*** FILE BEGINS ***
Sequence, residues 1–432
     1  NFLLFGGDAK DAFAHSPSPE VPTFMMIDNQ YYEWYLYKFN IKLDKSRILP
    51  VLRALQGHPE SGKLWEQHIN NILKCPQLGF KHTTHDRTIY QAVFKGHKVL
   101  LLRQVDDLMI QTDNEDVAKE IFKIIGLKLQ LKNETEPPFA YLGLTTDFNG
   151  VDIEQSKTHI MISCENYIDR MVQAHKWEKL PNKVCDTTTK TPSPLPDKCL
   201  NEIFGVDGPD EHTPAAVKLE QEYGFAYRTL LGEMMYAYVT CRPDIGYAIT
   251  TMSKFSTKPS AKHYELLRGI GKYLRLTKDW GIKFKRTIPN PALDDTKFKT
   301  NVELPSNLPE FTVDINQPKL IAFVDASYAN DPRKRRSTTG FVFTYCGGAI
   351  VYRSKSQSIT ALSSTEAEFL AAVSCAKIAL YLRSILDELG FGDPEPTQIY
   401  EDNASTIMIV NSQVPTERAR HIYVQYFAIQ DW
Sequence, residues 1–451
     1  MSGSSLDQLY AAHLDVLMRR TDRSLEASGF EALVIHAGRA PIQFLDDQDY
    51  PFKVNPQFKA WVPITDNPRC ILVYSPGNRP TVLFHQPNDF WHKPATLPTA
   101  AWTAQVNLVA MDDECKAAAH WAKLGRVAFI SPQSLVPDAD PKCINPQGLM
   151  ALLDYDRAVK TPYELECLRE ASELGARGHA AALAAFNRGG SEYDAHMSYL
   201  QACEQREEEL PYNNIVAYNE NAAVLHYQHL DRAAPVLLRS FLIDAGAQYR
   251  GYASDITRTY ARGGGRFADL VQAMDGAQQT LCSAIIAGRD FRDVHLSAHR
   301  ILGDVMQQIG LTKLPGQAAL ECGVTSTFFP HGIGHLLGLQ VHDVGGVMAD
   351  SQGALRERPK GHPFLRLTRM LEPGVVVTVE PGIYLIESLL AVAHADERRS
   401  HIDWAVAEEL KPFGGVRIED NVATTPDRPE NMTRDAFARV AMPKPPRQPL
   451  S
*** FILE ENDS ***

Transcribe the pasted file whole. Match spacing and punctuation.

Sequence, residues 1–432
     1  NFLLFGGDAK DAFAHSPSPE VPTFMMIDNQ YYEWYLYKFN IKLDKSRILP
    51  VLRALQGHPE SGKLWEQHIN NILKCPQLGF KHTTHDRTIY QAVFKGHKVL
   101  LLRQVDDLMI QTDNEDVAKE IFKIIGLKLQ LKNETEPPFA YLGLTTDFNG
   151  VDIEQSKTHI MISCENYIDR MVQAHKWEKL PNKVCDTTTK TPSPLPDKCL
   201  NEIFGVDGPD EHTPAAVKLE QEYGFAYRTL LGEMMYAYVT CRPDIGYAIT
   251  TMSKFSTKPS AKHYELLRGI GKYLRLTKDW GIKFKRTIPN PALDDTKFKT
   301  NVELPSNLPE FTVDINQPKL IAFVDASYAN DPRKRRSTTG FVFTYCGGAI
   351  VYRSKSQSIT ALSSTEAEFL AAVSCAKIAL YLRSILDELG FGDPEPTQIY
   401  EDNASTIMIV NSQVPTERAR HIYVQYFAIQ DW
Sequence, residues 1–451
     1  MSGSSLDQLY AAHLDVLMRR TDRSLEASGF EALVIHAGRA PIQFLDDQDY
    51  PFKVNPQFKA WVPITDNPRC ILVYSPGNRP TVLFHQPNDF WHKPATLPTA
   101  AWTAQVNLVA MDDECKAAAH WAKLGRVAFI SPQSLVPDAD PKCINPQGLM
   151  ALLDYDRAVK TPYELECLRE ASELGARGHA AALAAFNRGG SEYDAHMSYL
   201  QACEQREEEL PYNNIVAYNE NAAVLHYQHL DRAAPVLLRS FLIDAGAQYR
   251  GYASDITRTY ARGGGRFADL VQAMDGAQQT LCSAIIAGRD FRDVHLSAHR
   301  ILGDVMQQIG LTKLPGQAAL ECGVTSTFFP HGIGHLLGLQ VHDVGGVMAD
   351  SQGALRERPK GHPFLRLTRM LEPGVVVTVE PGIYLIESLL AVAHADERRS
   401  HIDWAVAEEL KPFGGVRIED NVATTPDRPE NMTRDAFARV AMPKPPRQPL
   451  S